Bigger is not always better. When we look at the federal government’s decision to bundle nearly all of its naval and coast guard shipbuilding for the next 20 years into two mega-contracts, we can only give our heads a shake and wonder what they were thinking of.
Ottawa announced last week that Irving Shipbuilding of Halifax had been awarded a $25 billion contract to construct new naval warships.
Vancouver’s Seaspan Marine Corp. is getting an $8 billion contract to build non-combat ships.
A total of 28 large vessels will be built.
The third of the three short-listed companies, Davis Shipyard of Levis, Quebec, did not get a contract but will be eligible to bid on a smaller contracts totaling $2 billion.
The next step, we are told, will be for the government to begin negotiating the sub-contracts for the individual ships.
What meaningful terms are there left to negotiate? If the government has already decreed that certain shipyards are to build the ships, what leverage does it have to get a lower price or higher quality? If the first ships turn out to be over-priced or shoddily built, will the government be able to back out without penalty? And if it can, what’s the purpose of the mega-contract in the first place?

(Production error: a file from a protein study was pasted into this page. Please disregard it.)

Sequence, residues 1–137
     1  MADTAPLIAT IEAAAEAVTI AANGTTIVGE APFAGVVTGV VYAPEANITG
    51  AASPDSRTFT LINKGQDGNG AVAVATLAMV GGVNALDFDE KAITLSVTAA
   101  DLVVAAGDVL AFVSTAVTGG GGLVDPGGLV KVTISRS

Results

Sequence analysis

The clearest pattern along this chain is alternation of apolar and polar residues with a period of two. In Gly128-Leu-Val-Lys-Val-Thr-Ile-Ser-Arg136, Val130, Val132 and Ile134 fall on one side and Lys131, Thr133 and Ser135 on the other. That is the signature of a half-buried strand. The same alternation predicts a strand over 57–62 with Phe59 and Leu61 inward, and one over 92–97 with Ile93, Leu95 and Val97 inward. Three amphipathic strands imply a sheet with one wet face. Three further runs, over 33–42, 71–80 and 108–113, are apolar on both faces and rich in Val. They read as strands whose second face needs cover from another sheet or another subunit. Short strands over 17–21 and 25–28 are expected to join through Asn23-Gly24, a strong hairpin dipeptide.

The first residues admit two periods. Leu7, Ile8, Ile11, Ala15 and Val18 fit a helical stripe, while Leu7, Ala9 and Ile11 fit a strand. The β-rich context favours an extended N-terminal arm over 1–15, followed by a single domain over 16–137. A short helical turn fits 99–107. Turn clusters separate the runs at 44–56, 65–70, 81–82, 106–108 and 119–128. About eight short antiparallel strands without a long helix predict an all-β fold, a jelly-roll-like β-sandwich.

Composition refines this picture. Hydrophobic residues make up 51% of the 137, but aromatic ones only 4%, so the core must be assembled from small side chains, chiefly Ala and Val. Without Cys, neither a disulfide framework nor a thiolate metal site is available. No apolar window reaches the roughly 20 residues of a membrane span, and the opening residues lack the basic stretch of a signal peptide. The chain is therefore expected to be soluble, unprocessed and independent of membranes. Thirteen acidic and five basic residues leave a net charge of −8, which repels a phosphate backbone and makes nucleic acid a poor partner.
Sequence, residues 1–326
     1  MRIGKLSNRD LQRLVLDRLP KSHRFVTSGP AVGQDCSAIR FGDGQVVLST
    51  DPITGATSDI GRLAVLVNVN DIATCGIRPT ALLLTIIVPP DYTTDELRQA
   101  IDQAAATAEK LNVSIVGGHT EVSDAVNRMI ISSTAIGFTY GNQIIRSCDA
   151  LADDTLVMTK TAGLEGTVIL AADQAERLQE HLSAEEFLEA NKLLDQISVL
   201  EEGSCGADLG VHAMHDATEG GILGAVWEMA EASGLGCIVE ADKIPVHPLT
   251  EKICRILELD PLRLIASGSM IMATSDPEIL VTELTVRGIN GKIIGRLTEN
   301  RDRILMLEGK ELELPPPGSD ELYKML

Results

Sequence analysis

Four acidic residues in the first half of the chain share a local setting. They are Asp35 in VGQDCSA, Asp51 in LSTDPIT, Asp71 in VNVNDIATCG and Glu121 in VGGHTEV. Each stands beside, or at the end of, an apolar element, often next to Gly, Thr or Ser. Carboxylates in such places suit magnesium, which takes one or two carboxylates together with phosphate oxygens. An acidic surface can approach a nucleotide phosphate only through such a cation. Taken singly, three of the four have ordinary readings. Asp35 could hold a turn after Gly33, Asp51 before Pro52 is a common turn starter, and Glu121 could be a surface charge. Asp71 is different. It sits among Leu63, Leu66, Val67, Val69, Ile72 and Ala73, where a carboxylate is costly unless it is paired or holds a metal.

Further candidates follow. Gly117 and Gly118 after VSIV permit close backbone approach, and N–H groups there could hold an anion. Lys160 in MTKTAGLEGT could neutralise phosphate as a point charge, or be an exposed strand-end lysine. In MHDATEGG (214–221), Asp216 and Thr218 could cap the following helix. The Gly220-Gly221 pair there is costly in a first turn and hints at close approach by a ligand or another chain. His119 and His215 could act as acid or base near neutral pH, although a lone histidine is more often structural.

It doesn’t take a lot of imagination to think of many different ways this process could turn into another fast ferries fiasco, only multiplied by 10, 20 or more.
Also, what does this process do for national unity? Some would think that to be a factor more important to Canadian security than the number of ships on the ocean. With two mega-contracts to give and three short-listed finalists, it was pretty clear that at least one part of the country would feel short-changed. As it turned out, the losing shipyard is in Quebec – something that will not help the federalist cause in that province.
Nearly everyone would like to see the Canadian Navy rebuilt and renewed, and the same with the Coast Guard. We particularly need more small patrol vessels and submarines.
Having a 20- or 30-year plan also is a good idea that most would agree with.
The government has bragged about how the process for awarding the mega-contracts was free from political interference.
However, lumping all the shipbuilding contracts into two mega-contracts in the first place was almost certainly a big mistake, and politicians made that decision.